Then it was haircut time. That may not sound exciting, but I had wanted to get a haircut before the term started, three weeks ago. It was also a family event, with all of us getting trimmed. We look good now.

I was exhausted, though, and nearly fell asleep at the wheel on the one-mile drive home. When we got there, a little after four o’clock, I went to lay down and…well, honestly, I remember heading to my bedroom, but I don’t remember laying down, I was out so fast.

My wife woke me up, saying, “Should you get up? It’s getting kind of late, it’s after 6:00.” I didn’t understand. Why did I have to get up at 6:00 on Sunday? We weren’t going anywhere. This is our sleep-in day, dammit, and if she wants to get up early that’s her business, but I was sound asleep until she woke me up.

Saturday, again
Oh, it was still Saturday. I’d been asleep for two hours. I slept so deep I really thought it was the next morning. That’s very disorienting. I got up in time to watch the Oregon-Michigan State game at 8:00, but I only lasted until the early third quarter before I had to go back to bed.

Sunday, for real
I felt good when I woke up, better than since I was at my friend Dave’s cabin up north a few weeks before the term started. And I had a plan for the day. The top shelf of the spinning rack in the corner cabinet, where we keep our baking supplies, had slipped down again, so I was going to empty the shelves, combine duplicate items (three salts and three peppers I can understand, but how the hell did we end up with three jars of poultry seasoning?), scrub the shelves down to clean out several years of spilled spices, salad toppings and food coloring, then reset the shelf and put a brace under it so it won’t slip down again. I actually hesitated on the brace, because if the shelf never slips again, what’s ever going to motivate me to clean up that cabinet again in the future?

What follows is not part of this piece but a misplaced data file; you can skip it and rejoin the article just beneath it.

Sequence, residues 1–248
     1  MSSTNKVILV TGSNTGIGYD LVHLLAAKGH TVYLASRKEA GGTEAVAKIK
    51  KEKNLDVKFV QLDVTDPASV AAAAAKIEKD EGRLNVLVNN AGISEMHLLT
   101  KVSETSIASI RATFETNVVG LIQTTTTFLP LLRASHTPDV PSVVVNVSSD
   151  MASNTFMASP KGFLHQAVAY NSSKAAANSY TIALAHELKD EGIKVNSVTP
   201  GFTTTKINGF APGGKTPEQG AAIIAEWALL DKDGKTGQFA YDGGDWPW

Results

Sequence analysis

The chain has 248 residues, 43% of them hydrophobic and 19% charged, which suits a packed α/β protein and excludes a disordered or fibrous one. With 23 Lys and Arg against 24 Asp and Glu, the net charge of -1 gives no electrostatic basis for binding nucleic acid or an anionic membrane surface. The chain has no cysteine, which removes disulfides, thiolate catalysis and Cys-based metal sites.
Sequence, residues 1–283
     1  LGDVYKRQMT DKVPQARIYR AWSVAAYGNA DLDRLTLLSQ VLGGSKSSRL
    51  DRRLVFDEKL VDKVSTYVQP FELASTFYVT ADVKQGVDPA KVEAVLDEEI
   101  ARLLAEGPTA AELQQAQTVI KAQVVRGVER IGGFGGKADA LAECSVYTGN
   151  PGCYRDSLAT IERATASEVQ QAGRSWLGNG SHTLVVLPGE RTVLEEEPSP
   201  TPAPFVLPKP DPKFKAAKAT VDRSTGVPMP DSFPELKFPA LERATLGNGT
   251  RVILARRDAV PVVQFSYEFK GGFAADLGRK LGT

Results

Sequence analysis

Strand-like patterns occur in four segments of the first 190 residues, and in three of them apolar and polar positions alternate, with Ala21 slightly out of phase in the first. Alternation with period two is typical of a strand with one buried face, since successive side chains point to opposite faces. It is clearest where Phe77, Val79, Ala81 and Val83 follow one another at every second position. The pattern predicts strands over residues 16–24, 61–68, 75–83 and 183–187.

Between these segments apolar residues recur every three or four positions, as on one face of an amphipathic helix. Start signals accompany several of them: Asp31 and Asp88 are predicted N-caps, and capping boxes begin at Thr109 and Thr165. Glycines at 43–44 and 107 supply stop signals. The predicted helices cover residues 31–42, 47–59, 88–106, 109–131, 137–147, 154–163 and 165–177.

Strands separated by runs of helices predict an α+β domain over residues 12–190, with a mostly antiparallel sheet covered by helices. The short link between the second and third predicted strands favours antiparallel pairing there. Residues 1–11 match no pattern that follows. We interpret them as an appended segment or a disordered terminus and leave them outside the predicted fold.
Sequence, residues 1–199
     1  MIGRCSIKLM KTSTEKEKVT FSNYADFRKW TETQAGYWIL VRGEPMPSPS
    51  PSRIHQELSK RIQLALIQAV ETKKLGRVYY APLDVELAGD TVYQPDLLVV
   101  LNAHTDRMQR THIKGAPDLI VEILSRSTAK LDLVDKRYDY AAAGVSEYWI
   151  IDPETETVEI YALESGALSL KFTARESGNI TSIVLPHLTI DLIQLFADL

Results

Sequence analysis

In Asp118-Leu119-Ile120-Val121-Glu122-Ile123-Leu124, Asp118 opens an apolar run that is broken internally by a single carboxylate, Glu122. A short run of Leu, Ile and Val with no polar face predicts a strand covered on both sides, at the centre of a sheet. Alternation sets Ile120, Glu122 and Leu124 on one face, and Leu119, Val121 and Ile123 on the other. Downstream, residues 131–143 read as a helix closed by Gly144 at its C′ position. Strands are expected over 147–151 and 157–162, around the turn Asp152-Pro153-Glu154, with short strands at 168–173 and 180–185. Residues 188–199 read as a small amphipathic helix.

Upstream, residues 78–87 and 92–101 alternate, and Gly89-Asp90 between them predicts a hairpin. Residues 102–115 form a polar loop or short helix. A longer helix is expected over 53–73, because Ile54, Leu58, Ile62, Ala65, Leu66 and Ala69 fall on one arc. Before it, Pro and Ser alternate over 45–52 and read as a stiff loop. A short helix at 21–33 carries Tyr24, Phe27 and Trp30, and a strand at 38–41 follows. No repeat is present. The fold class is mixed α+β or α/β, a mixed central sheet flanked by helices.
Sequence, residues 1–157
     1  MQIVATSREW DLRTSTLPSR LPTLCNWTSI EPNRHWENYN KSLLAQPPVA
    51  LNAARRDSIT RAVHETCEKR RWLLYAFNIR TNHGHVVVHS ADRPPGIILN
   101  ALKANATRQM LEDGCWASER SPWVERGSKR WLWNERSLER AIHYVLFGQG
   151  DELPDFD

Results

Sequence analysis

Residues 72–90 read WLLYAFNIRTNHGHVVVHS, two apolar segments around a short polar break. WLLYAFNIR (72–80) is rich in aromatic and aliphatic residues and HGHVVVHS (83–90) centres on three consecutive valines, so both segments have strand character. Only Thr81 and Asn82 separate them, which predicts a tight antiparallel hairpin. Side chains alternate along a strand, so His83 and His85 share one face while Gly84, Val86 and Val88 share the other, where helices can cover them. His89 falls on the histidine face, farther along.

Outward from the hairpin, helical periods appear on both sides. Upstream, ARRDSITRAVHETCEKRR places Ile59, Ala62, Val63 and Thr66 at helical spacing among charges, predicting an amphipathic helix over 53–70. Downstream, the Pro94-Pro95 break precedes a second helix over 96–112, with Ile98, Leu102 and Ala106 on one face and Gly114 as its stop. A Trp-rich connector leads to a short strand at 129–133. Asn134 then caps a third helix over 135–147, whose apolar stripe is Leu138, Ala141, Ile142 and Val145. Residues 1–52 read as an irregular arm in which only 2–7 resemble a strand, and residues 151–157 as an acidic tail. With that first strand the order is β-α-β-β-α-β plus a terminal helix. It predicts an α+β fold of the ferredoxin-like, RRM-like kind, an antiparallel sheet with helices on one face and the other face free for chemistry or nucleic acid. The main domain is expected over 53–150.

Simultaneously with all this, I was working on the good stuff, making applesauce cookies so I could send some to #1 daughter, off at college. If you don’t know applesauce cookies, your life has been an abysmal hellhole, whether you’ve ever realized it or not. This is a recipe my mom discovered when we were poor, and one day she was looking for some kind of cookie recipe that didn’t require eggs, because she wanted to do something nice for her kids and couldn’t even afford eggs. It’s the favorite cookie of all of my siblings as well as me, and, as it happens, of my daughter, perhaps the favorite of all of them.